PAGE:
In the fields of free market economics and individualist ethics, licensing is understood as “the state stealing your God-given right to engage in free enterprise and voluntary association, then selling it back to you after you beg.”
And the socialist enclave of Oregon is a perfect example of the state doing just that, then, REVOKING its “permission slip” because its agents didn’t like the fact that a doctor had a different opinion than the government orthodoxy.
The Washington Post’s Hannah Knowles reports that Steven LaTulippe, a Dallas, Oregon, based physician, told a Salem public gathering last month that he and his staff do not wear masks. Or, to be more precise, Ms. Knowles put it this way:
Last month, he urged Trump supporters gathered in Salem, Oregon, to “take off the mask of shame” — though hardly a covered face was in sight — and said proudly, to claps and cheers, that none of his clinic staff wore the simple accessories shown to prevent the spread of the coronavirus.
But he didn’t say that the masks prevent the spread of the coronavirus, Ms. Knowles said that, and such a statement is debatable, as I have shown numerous times at MRCTV.
Heck, just last week, when writing about eight moms in Florida who were removed from a school board meeting because they refused to wear the magic masks, I noted:
Now, it’s possible that a mask could provide very limited protection from virus-carrying DROPLETS being expelled by a symptomatic person, but in late winter last year, the great tax-devouring demigod Anthony Fauci himself said that masks weren’t useful to stop the spread.
Not many months thereafter, he got caught not wearing a mask while sitting in a baseball stadium with two other folks.
Should Fauci lose his medical license and be subtly derided by Ms. Knowles and state bureaucrats in Oregon?
Dr. LaTulippe has lost his license. But, of course, he was in private practice, engaging in voluntary exchange of payment for services. He wasn’t engaged in the “noble” activity of living off the expropriated tax cash of others.
Explaining the suspension in a written order Friday, the Oregon Medical Board said LaTulippe’s disdain for public health measures went far beyond staff going maskless. The Dallas, Oregon-based doctor not only fails to take basic precautions, the board said, but “actively promotes transmission of the virus within the extended community” by his poor example. The board alleges that LaTulippe regularly misinforms patients — especially elderly ones and children — with warnings that mask-wearing is ‘very dangerous’ and can lead to serious health issues.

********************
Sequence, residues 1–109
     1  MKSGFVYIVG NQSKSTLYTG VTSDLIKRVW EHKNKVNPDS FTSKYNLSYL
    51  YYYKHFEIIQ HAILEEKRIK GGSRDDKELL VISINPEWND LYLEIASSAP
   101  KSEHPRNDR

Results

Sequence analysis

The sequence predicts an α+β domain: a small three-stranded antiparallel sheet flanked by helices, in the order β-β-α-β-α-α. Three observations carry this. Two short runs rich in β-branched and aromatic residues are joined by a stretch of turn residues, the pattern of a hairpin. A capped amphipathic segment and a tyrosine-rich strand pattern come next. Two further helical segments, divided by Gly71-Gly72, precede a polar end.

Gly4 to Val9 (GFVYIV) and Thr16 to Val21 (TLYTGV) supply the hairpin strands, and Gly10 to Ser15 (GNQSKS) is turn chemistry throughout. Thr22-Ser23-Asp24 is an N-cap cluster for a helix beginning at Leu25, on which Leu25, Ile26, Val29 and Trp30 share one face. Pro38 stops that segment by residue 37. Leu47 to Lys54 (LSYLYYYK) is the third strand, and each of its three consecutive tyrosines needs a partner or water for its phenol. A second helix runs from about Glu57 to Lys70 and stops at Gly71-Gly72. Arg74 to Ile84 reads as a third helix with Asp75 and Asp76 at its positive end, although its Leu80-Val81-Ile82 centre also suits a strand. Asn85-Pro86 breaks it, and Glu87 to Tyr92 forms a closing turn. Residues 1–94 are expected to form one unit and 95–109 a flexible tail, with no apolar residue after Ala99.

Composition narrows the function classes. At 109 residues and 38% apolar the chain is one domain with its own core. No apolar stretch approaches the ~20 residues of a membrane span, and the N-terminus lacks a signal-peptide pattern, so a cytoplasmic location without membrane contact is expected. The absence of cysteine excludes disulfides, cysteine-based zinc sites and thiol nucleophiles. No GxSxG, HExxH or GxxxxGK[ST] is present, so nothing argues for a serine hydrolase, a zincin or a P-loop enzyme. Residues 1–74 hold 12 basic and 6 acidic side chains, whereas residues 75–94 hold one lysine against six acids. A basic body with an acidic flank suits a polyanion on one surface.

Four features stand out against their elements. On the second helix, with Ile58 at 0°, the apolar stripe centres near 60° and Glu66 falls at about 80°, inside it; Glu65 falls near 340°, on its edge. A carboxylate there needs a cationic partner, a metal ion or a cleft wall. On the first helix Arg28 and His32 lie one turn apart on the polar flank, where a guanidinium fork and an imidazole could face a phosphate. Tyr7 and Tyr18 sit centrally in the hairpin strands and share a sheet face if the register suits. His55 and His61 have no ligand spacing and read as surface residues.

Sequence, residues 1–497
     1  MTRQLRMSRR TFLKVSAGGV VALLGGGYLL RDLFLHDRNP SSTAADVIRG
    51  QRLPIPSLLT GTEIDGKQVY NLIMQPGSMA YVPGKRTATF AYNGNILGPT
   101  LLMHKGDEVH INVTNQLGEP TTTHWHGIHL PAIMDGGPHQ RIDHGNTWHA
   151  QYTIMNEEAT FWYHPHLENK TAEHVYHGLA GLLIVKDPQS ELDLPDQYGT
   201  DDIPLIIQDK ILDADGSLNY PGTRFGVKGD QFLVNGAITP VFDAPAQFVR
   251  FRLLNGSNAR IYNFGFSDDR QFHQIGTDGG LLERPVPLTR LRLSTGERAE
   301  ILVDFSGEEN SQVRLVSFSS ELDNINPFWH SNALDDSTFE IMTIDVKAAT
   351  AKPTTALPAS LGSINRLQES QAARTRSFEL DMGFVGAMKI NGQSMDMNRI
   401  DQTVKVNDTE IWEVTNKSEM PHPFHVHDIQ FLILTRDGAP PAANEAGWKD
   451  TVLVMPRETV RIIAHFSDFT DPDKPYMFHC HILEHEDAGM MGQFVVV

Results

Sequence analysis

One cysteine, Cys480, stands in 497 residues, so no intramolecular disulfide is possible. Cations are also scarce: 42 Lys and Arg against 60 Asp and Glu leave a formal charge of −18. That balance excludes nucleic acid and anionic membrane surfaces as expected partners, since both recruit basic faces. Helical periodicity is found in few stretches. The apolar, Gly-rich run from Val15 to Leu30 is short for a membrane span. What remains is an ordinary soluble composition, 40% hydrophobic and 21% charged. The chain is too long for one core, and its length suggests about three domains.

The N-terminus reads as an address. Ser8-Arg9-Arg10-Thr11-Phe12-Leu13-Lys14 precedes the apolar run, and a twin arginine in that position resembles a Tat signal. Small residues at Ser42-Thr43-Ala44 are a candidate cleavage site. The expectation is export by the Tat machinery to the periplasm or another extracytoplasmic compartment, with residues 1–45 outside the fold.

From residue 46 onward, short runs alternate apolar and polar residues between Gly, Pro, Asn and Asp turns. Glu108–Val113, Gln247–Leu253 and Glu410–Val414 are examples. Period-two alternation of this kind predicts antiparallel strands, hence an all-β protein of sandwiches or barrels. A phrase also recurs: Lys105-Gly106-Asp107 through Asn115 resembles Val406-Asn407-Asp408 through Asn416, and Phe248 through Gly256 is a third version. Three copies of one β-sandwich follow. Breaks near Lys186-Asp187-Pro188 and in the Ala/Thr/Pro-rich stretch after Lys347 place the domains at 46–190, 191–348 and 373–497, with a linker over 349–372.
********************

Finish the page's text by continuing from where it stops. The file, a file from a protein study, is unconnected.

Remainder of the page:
And one aspect of this should bring to light how the coercive government mandate of licensing blinds many people to the nature of market exchange. Knowles notes:
The state board’s catalogue of concerns begins with LaTulippe’s alleged July advice to a patient. According to the board, LaTulippe told the patient that wearing masks does not prevent the spread of the coronavirus and instructed against isolating because exposure to other people would give the patient immunity to COVID-19.
The person was ‘terminated as a patient’ a few weeks later, the board says, after questioning LaTulippe’s advice.
But when one owns or runs a private business, one is supposed to be able to operate as one wishes when offering goods or services. So, just like clients are supposed to be free to NOT BUY something, sellers are supposed to be free to NOT SELL something. In fact, both sides are buyers and sellers, engaging in exchanges. A doctor is free to have an opinion based on his or her research, and a customer is free to visit or never return. Reputation follow both parties.
As a result, a doctor in a free market, who has to satisfy customers, will try to do his or her best if he or she wants to maximize business and gain a good reputation. This, contrary to what government “doctors” like Anthony Fauci do, which is to get paid regardless of market demand or satisfaction -- and the same goes for the government bureaucrats who run the Oregon licensing scam.
As generations of economists know, licensing is a government shakedown system, and it is not the driver of quality. Stories of alleged bribery of “health inspectors” abound, and licensing is used by established industry figures as a way to block lower-priced, lower-margin upstarts from entering the market, thus preventing the poor from getting services in many, many fields.
But hey, that kind of situation allows politicians to claim that the market is too expensive, and then to ride in their tax-funded horses to claim it’s their role to “provide” for the masses.